Bowling pin Shooters it is that time of year again. The first Bowling pin shoot of the year is just a couple of weeks away.
Load up on ammo and wipe the winter dust off your guns and come on out to the Lincoln Izaak Walton league range March 26th 2006.
The event is open to all Caliber classes from twenty-two on up.
If you are new to the game check out the web site for the Nebraska Pin Shooters. The site has just about all of the information that you'll need.
The concept for Bowling Pin shooting was first started by Rich Davis the original maker of Second Chance Body Armor. In the early days in order to demonstrate the effectiveness of his product to the various police departments Rich would kneel down, shoot himself in the chest with a revolver and then turn the firearm on 3 bowling pins set up some feet away.
Since a bowling pin closely aproximates the scoring area of the FBI target Rich proved that an officer could take a hit in the vest and still fight back placing rounds in the center mass of a violent adversary.
These demonstrations turned into a yearly competition called the Second Chance Shoot. It was vastly popular for over a decade. Second Chance body Armor stopped sponsoring the national shoot years ago, but people did not stop shooting pins.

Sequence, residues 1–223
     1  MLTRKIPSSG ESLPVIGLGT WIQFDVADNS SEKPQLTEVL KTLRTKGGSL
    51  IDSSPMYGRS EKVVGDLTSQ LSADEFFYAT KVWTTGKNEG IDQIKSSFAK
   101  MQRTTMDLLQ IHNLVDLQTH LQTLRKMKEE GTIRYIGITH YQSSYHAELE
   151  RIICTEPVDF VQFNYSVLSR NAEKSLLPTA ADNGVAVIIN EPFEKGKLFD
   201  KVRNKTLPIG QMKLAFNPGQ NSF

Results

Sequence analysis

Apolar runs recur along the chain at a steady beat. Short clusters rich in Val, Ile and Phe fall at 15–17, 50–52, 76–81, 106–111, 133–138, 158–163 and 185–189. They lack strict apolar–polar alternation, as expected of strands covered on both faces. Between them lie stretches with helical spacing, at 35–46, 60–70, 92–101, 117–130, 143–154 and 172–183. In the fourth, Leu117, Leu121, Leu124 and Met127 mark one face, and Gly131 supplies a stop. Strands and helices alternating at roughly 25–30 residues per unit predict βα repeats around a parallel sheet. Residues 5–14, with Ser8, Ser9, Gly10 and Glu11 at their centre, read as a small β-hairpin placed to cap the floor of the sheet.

There are still club sponsored shoots all over the country and it is a sport that can get a shooter hooked after only a competition or two.
Massad Ayoob in his book "Hit the White Part" writes that pin shooting combines all of the elements needed for serious self defense practice; Stress and muliple reactionary targets.
Paraphrasing Ayoob from Memory
The stress part comes from competing man to man. (Two shooters stand on the firing line engaging 5 or more pins, the first shooter to put all pins on the ground advances)
Mutiple targets means the shooter must be sure of his/her accuracy moving to the next target before the last one is off the table and on the ground. (Most shooters will shoot once at each pin and then scan back across the table eliminating any that have not yet fallen to the ground)
Since the targets are reactionary the shooter has immediate verification of a hit, miss or wound.
(target falls over but is still on the table.)
As previously mentioned a bowling pin closely aproximates the lethal zone on the FBI Q target, so speed and accuracy is definately the order of the day.
As a final note the I would like to address a few mistakes that I see most novice pin shooters make their first few times out.
The first is going to fast. This causes a lot of misses and frustration. Better to concentrate on accuracy. Speed will come by itsself if you let it.
The second is concentrating too hard on one pin. Many new shooters upon missing a pin will continue to shoot at that pin until they get it off the table or run out of ammo. Concentrate on one shot to one pin for all five pins then sweep back across the table picking up those that were missed or only knocked over on the table. remember they have to hit the ground.
For an in depth look at bowling pin shooting I highly recommend Ayoobs book "Hit the White Part". It was written many years ago, but it is still the definitive work on the sport of pin shooting.
Copies can be ordered through any of the major book reatailers like Barnes & Noble. They can also be ordered from Ayoob directly on his Lethal Force Institute web site. If fact all of Ayoobs available books and CD's can be ordered directly from him. So if you have been wanting a copy of something and haven't been able to locate it, you'll find it there.